With the meaning of the handbook that led the dead to heaven, Egyptian mail was buried in the process of mummification telling much about the faith of the ancients.
Egypt is home to one of the most brilliant civilizations in the ancient world. They leave a lot of evidence on their lives from mysterious pyramids to religious texts. Their massive tombs are not only filled with jewels, but also texts that speak of their beliefs.
The Egyptians believed that the souls of the dead must go on a dangerous journey to another world. After death, the soul wanders in the afterlife until judged by the gods. Good people will be rewarded with an eternal life, while the bad people will be eaten by the devil Ammit, crocodile head, lion hippos.
Therefore, right from the time of the Ancient Kingdom (2686-2181 BC), the Egyptians had a custom of using documents as a guide to guide the dead in the afterlife. At that time, mourning texts were written on the tomb wall. In the early Middle Kingdom (2134-1690 BC), most of them were written in coffins. The Pyramids and the coffin script later became death letters.
Images in a letter of death. (Photo: Natgeo).
Books History changing books : 'Egyptian death books are funeral texts that have been used for nearly 1,500 years. These include sutras, mantras, and drawings written on a scroll of the papyrus in the tomb of the deceased. It is believed that these mantras give the souls of the dead the knowledge and power they need to lead them safely through the uncertain realm to the next life. '
Each book of death is divided into chapters, the content is selected and combined from 192 texts to describe the life of the dead. Therefore, each book is unique, no two books are exactly the same. Originally, the death certificate was only for the upper class. By the New Kingdom period (1570-1069 BC), death was more common in society.
Creating these death books are skilled artisans. A text is usually made by several scribes. They use black and red ink to write hieroglyphics and the word priest (the type used by the priests). Paper for writing a letter from the papyrus tree (a plant of the papyrus family is abundant in Egypt). To date, papyrus is considered the oldest writing material in the world. The dry climate of Egypt is a condition that helps many ancient documents remain.
People often return the letter to a statue or tucked into the cloth wrapped around the body of the deceased while mummified. People also buried the other necessary items for the journey in the underworld like food, talisman. They believe that the sutras in the death book guide the dead to use them to find their way to heaven in the afterlife.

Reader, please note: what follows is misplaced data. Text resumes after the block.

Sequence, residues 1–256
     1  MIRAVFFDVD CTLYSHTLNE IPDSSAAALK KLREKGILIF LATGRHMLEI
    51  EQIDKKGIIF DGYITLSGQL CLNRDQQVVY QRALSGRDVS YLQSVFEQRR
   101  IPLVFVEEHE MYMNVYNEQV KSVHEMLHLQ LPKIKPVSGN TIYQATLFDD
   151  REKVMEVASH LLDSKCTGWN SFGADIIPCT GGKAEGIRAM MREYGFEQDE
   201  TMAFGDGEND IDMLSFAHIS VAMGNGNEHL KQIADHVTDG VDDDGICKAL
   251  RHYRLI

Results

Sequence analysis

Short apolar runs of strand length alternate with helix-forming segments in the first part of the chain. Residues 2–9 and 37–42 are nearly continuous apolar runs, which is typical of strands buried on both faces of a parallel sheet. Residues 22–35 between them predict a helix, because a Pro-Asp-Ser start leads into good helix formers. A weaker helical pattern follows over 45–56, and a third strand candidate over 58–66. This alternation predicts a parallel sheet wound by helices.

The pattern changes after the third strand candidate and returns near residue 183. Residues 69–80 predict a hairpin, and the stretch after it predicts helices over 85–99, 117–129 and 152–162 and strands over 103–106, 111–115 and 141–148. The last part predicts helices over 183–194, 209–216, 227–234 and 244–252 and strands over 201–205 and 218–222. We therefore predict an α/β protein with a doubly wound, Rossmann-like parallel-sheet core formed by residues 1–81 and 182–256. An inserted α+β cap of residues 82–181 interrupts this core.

The most sophisticated and complete letter of surviving from ancient Egypt is Nestanebetisheru. The owner of the letter was originally the daughter of a high priest and a member of the royal family. The death of Nestanebetisheru dates from 950-930 BC. The letter of death is often referred to as Greenfield. The strokes that describe the creation with the goddess of the sky Nut curled up covering Geb, the land god in a half lying position.
A painting on a 37m-long papyrus papyrus - a letter from Nestanebetisheru.
Nestanebetisheru's scroll is 37m long. By the early 20th century, the scroll was divided into 96 parts for easy research, display and storage.
One of the best manuscripts to be found is Hunefer's death note . This is also the most beautiful letter of death possible by Hunefer himself - a copywriter for the Egyptian royal family (about 1280 BC) - made. The letter of the alphabet has pictograms written in red ink, black ink with alternating vertical black lines.
In the letter Hunefer there are many unique details such as the 15th sutta describing the hymn to the sunrise. Horus - the god of the sky and one of the most important gods of ancient Egypt - is represented as a hawk. The sun disc on the head represents the relationship between the sun and the sun, the blue curve is said to symbolize the sky.
Photo 3 Letters of death - mysterious books buried in Egyptian tombs
The funeral rites of ancient Egypt are also described in the death book.
The funeral rites of ancient Egypt are also described in the Hunefer letter of death. One of the paintings depicts the Hunefer revival scene with an 'open mouth' ritual , which helps the dead to open their senses and speak in the underworld. Hunefer is blessed by a monk wearing a mask of dog head symbolizing Anubis - the god of mummification. Ahead, Huneger's wife is mourning. On their heads were hieroglyphics with the words of the ceremony.
The first person to call these guides to the dead was Book of the Dead, the Egyptologist Karl Richard Lepsius. As it is called in the Egyptian language, this is a 'Book leading to the light'. These rich-looking handbooks are not only for the deceased, but also provide us today with information about the beliefs in the afterlife of the ancient Egyptians, revealing an ancient civilization. .